A House oversight committee voted Wednesday to hold Attorney General Eric Holder in contempt of Congress for refusing to turn over documents related to the failed gun-running program called Fast and Furious.
The escalation of a congressional investigation involving the Justice Department over internal administration documents precedes a potential contempt vote on the House floor. The panel voted 23-17 to hold Holder in contempt, according to a USA Today report.
The vote, which was already expected, came after President Barack Obama invoked executive privilege over specific documents related to Fast and Furious to block an ongoing congressional investigation.
Richard Nixon used Executive Privilege as a shield from Watergate investigators, Bill Clinton invoked executive privilege to shield top aides from testifying in an investigation of his affair with young intern Monica S. Lewinsky.
Today, President Barack Obama invoked executive privilege in an attempt to put a lid on the Fast and Furious government gun-running operation that allowed thousands of weapons to walk across the Mexican border into the hands of drug cartels. The operation fell apart with no apparent success after an American border patrol agent was killed with one of the guns.
Congress has threatened to hold Obama’s controversial attorney general, Eric Holder, in contempt unless he releases documents related to an alleged cover up at the Justice Department. Holder has released a flurry of benign documents that do not shed light on what he and the president knew, or when they knew it, concerning Fast and Furious operations. Holder claims he and the president weren’t aware of the highly controversial failed Justice Department operation.
After U.S. Border Patrol agent Brian Terry was killed with one of the guns, the Obama administration claimed in a February 14 letter that it did not knowingly help smuggle guns into Mexico, but later admitted the the letter was "in error." Among other things, Congress wants to know who in the administration wrote that letter.
It was learned through investigators that despite desperate pleas from government agents, the Obama administration refused to trace the guns being given to Mexican gangs.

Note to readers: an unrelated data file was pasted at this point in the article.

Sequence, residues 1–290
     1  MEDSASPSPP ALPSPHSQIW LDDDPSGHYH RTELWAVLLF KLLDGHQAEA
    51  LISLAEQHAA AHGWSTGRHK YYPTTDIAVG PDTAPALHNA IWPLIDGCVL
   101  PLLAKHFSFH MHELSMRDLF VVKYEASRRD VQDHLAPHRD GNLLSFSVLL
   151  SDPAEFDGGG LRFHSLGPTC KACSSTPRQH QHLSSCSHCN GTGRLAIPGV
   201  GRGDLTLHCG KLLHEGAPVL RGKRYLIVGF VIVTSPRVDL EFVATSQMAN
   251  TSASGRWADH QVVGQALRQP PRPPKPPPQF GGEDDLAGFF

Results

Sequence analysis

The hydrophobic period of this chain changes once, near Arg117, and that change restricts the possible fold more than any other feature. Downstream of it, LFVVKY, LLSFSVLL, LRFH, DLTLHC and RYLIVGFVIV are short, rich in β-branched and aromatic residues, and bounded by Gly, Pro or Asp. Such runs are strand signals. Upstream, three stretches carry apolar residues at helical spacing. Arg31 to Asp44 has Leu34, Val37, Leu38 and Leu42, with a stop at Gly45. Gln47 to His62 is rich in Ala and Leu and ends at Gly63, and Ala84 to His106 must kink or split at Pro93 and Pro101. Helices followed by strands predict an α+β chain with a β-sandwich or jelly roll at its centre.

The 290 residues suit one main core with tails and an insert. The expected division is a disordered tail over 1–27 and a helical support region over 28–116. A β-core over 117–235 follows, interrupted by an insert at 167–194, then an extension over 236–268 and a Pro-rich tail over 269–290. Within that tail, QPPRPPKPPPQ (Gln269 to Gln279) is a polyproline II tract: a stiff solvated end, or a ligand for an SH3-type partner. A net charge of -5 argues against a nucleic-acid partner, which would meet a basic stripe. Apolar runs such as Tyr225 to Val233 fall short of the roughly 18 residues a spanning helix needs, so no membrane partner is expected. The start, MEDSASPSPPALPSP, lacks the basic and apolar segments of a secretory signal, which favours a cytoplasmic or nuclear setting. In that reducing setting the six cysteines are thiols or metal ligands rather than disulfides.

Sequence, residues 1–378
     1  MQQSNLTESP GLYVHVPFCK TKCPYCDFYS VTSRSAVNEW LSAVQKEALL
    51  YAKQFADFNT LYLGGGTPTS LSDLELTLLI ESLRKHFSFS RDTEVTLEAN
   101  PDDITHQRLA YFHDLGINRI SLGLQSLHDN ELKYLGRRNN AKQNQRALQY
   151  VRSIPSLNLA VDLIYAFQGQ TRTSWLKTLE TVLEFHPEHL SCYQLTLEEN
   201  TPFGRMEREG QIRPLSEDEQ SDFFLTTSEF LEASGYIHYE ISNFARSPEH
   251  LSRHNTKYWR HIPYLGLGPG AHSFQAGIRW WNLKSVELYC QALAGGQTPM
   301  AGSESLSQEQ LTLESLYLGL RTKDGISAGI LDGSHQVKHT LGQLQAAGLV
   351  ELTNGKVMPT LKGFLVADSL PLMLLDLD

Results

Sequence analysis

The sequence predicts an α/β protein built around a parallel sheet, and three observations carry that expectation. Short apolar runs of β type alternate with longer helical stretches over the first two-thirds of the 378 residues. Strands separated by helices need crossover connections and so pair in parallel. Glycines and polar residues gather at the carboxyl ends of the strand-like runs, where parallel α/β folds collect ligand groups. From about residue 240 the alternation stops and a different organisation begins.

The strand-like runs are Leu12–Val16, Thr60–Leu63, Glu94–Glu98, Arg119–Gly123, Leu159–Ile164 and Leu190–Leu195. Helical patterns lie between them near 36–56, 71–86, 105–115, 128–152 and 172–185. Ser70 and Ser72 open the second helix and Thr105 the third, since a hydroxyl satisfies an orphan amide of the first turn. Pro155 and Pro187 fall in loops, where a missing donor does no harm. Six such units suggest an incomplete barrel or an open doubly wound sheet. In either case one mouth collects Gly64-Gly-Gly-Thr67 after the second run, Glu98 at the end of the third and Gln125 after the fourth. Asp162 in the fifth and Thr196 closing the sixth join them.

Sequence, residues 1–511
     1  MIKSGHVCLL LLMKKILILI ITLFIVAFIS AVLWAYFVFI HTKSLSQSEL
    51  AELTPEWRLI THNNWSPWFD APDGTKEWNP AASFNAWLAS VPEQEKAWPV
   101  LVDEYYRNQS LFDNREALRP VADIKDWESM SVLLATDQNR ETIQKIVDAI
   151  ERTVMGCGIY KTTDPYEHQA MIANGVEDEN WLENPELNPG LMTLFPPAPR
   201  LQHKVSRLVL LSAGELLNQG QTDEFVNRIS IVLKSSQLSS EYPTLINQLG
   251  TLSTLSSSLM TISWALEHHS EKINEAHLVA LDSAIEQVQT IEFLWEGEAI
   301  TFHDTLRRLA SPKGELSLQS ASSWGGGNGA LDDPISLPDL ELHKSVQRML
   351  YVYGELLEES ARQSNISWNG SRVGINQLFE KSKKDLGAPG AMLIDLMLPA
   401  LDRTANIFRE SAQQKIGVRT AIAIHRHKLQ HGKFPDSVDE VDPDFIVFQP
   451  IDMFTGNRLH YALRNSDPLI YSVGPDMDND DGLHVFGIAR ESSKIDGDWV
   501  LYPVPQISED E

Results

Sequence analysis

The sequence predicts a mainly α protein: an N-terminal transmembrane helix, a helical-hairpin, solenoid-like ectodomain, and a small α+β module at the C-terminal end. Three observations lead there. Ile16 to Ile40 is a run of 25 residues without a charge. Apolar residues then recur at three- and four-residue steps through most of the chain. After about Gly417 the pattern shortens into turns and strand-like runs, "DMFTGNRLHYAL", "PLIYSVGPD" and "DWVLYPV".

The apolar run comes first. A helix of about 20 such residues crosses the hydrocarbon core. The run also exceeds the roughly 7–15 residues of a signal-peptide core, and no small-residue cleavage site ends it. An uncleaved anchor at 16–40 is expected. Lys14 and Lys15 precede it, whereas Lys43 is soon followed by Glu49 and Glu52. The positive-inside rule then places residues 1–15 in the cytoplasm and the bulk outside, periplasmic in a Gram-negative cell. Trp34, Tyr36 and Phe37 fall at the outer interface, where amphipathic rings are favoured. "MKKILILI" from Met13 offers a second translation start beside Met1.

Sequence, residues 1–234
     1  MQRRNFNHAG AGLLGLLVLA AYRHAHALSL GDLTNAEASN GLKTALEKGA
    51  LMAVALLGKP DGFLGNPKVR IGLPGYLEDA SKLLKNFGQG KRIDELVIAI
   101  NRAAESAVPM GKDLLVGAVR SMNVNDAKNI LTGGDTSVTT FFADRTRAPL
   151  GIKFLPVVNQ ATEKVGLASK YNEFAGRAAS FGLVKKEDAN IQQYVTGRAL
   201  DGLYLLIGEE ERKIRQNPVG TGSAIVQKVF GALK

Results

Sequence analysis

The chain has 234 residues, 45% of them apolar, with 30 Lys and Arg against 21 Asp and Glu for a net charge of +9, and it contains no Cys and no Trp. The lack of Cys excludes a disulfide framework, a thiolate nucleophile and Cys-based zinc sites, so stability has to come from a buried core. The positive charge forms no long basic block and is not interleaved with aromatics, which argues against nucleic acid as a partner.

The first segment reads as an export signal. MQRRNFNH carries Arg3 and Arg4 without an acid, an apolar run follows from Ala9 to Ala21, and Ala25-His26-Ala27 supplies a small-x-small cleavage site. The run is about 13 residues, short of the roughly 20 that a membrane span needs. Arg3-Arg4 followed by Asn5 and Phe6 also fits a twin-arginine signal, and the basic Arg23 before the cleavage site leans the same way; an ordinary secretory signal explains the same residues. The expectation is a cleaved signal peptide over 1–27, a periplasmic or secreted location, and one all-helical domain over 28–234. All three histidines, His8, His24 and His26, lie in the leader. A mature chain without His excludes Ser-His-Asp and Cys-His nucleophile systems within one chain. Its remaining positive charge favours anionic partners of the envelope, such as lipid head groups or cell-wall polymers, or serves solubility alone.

More troubling to investigators, the Obama administration never offered a plausible justification for why anyone would have started a program to push untraceable guns into Mexico in the first place.
The Fast and Furious gun-running program became a hot potato for the White House when a mole in the Justice Department gave the House Oversight committee a set of wiretap applications proving that high department officials knew about the administration's efforts to aid the gun smuggling. Attorney General Eric Holder claimed documents his department possessed were classified, not relevant to the ongoing investigation and refused to release them. The controversial attorney general has since refused to answer questions during a congressional investigation, mirroring the actions of Richard Nixon’s administration during the waning days of the Watergate scandal that brought that administration down.
Just how far Holder is willing to go to stifle the Fast and Furious scandal became clear during recent hearings conducted by the House of Representatives. Rep. Jason Chaffetz’s (R-Utah) questioning during the hearings showcases a defiant Holder who is not willing to talk about Fast and Furious.
After Holder reiterated that senior political appointees at Justice hadn’t seen the wiretap applications, Chaffetz read one of the email exchanges the mole had leaked and dated long before the February 4, 2011 letter denying any “gun walking.”
Weinstein: “Do you think we should have Lanny participate in press when Fast and Furious and Laura’s Tucson case [Wide Receiver] are unsealed? It’s a tricky case, given the number of guns that have walked, but it is a significant set of prosecutions.” Trusty wrote back: “I think so, but the timing will be tricky, too. Looks like we’ll be able to unseal the Tucson case sooner than the Fast and Furious (although this may be just the difference between Nov. and Dec). . . . It’s not any big surprise that a bunch of US guns are being used in MX [Mexico], so I’m not sure how much grief we get for ‘guns walking.’”
In response, Holder said, “The e-mail that you just read, and this is important, that e-mail referred to Wide Receiver, it did not refer to Fast and Furious,” Holder claimed. Holder dug in his heels and kept asserting that the e-mails referred to Wide Receiver (which was true), but it also referred to Fast and Furious, which Holder kept denying.
Congress ordered Holder to produce specific documents involving Justice Department communications concerning the Fast and Furious operation in yesterday’s hearings however Holder showed up with nothing, offering only to engage in a briefing.
Holder temporarily stalled the investigation in yesterday’s meeting when he demanded a promise that Congress would shut down its investigation into Fast and Furious if he gave them documents of his choosing. Meanwhile, Congress is preparing to cite Holder for contempt. For his part, Obama has countered Congress by claiming Executive Privilege over Fast and Furious documents, a move some say was designed to shield the White House and Holder from the investigators.